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  • Writer's pictureJosh Wymore

1+1: The danger of arbitrary goals + ruthlessly eliminating hurry

Updated: Dec 20, 2023

Hey there! Here’s one leadership idea and one resource I’ve found beneficial this week:

1 idea: The danger of arbitrary goals

My original personal goal for completing the manuscript of Humbler Leadership was December 31, 2021. While the timeline was ambitious, I was committed to getting it done. My wife and friends kept asking, “Why are you in such a hurry to finish the book? What’s the rush?” But I pressed on. I was motivated.

Despite the progress I was making though, something felt off. During my meeting with my coach that November, I stopped for the first time to seriously consider the questions my inner circle had been asking me. Should I really keep pressing to hit this deadline?

I realized that I could totally get the manuscript done by the end of the year, but it wouldn’t be very good. Looking back over the last few weeks, I could see where I had cut corners to finish under the wire. Instead of digging deep to understand a research article, I’d merely skimmed. Rather than revise a clunky sentence that resisted editing, I’d waived it off.

In that moment, I was struck by the absurdity of my plan. I was a frustrated writer producing a mediocre book to hit an arbitrary goal. What was I doing?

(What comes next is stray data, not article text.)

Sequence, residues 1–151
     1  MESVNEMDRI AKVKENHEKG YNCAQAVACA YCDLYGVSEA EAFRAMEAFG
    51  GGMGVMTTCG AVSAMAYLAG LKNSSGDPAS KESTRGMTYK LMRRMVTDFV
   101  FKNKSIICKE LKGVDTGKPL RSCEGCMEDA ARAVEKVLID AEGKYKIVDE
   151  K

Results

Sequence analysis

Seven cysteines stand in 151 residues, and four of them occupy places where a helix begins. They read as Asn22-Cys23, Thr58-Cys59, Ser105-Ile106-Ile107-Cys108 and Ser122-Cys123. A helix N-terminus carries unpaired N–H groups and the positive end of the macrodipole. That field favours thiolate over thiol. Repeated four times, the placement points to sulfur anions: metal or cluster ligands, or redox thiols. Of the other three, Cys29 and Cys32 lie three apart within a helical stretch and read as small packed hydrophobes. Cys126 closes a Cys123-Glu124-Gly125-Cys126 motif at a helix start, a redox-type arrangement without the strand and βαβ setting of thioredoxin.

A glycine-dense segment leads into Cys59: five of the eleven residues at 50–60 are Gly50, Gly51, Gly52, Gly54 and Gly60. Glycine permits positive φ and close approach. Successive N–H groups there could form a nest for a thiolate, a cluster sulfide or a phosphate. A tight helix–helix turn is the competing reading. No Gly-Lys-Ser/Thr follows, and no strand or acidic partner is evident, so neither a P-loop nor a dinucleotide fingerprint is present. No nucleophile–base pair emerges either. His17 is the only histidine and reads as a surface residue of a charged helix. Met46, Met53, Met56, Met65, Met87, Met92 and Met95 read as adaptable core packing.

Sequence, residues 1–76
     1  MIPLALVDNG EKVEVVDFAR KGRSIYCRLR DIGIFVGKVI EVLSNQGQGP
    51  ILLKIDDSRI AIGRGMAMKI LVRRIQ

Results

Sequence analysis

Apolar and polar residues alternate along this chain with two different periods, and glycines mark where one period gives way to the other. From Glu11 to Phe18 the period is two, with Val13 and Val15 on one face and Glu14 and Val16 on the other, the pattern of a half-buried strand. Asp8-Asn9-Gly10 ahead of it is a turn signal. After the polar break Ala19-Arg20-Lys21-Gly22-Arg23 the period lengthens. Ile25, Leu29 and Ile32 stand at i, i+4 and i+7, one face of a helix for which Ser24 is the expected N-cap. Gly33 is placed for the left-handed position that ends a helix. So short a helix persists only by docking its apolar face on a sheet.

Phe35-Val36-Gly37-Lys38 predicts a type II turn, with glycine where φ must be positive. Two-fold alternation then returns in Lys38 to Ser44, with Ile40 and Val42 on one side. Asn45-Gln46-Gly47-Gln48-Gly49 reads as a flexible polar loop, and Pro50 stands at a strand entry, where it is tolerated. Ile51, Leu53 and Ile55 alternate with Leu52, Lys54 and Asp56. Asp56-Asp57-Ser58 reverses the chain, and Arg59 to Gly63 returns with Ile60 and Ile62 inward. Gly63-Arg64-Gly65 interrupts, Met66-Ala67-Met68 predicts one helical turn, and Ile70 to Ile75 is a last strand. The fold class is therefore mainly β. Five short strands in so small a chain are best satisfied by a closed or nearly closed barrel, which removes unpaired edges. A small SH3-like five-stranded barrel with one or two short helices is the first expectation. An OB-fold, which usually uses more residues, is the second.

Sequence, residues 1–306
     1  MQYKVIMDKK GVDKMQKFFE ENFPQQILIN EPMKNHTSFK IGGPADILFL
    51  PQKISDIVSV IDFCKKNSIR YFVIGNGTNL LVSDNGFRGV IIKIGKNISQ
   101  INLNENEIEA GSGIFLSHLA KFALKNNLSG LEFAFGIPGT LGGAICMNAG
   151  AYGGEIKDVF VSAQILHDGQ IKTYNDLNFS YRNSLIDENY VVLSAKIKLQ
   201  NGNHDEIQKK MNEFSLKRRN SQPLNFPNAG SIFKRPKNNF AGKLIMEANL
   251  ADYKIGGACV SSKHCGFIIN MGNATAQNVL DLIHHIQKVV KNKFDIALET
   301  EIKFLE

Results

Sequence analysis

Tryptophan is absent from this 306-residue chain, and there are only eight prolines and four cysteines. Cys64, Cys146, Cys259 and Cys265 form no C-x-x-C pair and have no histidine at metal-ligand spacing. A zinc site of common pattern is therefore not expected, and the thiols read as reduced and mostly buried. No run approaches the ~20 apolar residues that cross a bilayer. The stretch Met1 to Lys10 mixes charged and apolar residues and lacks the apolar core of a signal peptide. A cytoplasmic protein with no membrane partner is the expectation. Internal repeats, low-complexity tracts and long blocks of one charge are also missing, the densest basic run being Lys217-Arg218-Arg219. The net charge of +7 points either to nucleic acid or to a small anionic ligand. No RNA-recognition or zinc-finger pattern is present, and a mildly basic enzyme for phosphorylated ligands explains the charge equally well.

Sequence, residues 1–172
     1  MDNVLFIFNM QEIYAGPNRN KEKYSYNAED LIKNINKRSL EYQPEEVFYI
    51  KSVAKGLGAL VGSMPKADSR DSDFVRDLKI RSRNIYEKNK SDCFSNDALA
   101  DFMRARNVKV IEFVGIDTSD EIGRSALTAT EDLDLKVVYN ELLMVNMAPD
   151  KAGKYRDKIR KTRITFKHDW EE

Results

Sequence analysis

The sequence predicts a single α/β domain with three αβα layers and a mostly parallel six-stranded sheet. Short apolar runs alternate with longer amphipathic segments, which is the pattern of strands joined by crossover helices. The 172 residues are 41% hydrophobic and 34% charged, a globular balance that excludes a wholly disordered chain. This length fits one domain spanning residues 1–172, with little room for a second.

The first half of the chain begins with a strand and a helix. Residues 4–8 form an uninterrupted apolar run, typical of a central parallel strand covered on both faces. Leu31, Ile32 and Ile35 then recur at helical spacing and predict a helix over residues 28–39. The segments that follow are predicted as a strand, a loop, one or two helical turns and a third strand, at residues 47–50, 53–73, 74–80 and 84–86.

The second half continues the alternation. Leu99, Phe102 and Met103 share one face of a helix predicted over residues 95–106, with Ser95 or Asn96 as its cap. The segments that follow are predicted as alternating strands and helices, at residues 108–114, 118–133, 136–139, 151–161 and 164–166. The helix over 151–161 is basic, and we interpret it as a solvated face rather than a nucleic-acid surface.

With the help of my coach, I decided to change my goal to focus on the process instead of the finish line. Instead of “Finish by the end of the year,” my goal became, “Enjoy the process of writing a good book.” Removing the time constraints and focusing on the process gave me the mental freedom to slow down and do better work. I could now take time to make those revisions or track down those extra sources. I slowed from a sprint to a run.

The manuscript took an extra three months to finish, but the result was something I was proud of. And in the process, I became a writer. Because I enjoyed it, I decided to keep writing books even if no one bought my first one. By focusing on the craft instead of the product alone, I gained a love for the work itself.


Think for a moment about your own goals and the incentives they create for you:

  • What are the goals that you’ve set for yourself or that your organization has set for you?

  • What kinds of behaviors do those goals encourage?

  • Are those behaviors enabling you to create the kind of impact that you ultimately want to create?

1 resource: Ruthlessly eliminating hurry

One of the most impactful books for me in the last three years has been John Mark

Comer’s The Ruthless Elimination of Hurry. Comer argues that hurry is the enemy of all good things. When you’re in a hurry, you can't be joyful, or patient, or kind. In other words, if we want to become people who are more gracious and wise and peaceful, Step 1 is learning how to slow down and live like Jesus lived.

Cover of John Mark Comer's The Ruthless Elimination of Hurry

You can find the book on Amazon or wherever books are sold.

Disclaimer: If you purchase a book via the link above, we may receive a small commission (at zero cost to you).


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